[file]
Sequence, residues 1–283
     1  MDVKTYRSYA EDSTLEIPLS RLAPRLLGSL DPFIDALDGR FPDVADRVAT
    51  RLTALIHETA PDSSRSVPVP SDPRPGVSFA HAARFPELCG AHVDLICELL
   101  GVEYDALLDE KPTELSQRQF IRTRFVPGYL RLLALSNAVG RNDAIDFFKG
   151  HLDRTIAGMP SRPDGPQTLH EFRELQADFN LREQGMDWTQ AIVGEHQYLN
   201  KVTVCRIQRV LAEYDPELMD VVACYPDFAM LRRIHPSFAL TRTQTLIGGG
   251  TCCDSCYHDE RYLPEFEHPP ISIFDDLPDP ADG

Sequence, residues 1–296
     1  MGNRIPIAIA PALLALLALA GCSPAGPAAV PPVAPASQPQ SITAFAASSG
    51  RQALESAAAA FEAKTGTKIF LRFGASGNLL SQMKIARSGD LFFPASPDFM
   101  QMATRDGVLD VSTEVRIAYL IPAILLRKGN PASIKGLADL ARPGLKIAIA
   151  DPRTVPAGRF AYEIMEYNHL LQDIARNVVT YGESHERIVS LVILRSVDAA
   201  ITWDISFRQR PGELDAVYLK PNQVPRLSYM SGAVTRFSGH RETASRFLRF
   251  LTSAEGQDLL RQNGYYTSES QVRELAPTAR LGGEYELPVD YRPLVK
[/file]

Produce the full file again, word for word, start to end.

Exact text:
Sequence, residues 1–283
     1  MDVKTYRSYA EDSTLEIPLS RLAPRLLGSL DPFIDALDGR FPDVADRVAT
    51  RLTALIHETA PDSSRSVPVP SDPRPGVSFA HAARFPELCG AHVDLICELL
   101  GVEYDALLDE KPTELSQRQF IRTRFVPGYL RLLALSNAVG RNDAIDFFKG
   151  HLDRTIAGMP SRPDGPQTLH EFRELQADFN LREQGMDWTQ AIVGEHQYLN
   201  KVTVCRIQRV LAEYDPELMD VVACYPDFAM LRRIHPSFAL TRTQTLIGGG
   251  TCCDSCYHDE RYLPEFEHPP ISIFDDLPDP ADG

Sequence, residues 1–296
     1  MGNRIPIAIA PALLALLALA GCSPAGPAAV PPVAPASQPQ SITAFAASSG
    51  RQALESAAAA FEAKTGTKIF LRFGASGNLL SQMKIARSGD LFFPASPDFM
   101  QMATRDGVLD VSTEVRIAYL IPAILLRKGN PASIKGLADL ARPGLKIAIA
   151  DPRTVPAGRF AYEIMEYNHL LQDIARNVVT YGESHERIVS LVILRSVDAA
   201  ITWDISFRQR PGELDAVYLK PNQVPRLSYM SGAVTRFSGH RETASRFLRF
   251  LTSAEGQDLL RQNGYYTSES QVRELAPTAR LGGEYELPVD YRPLVK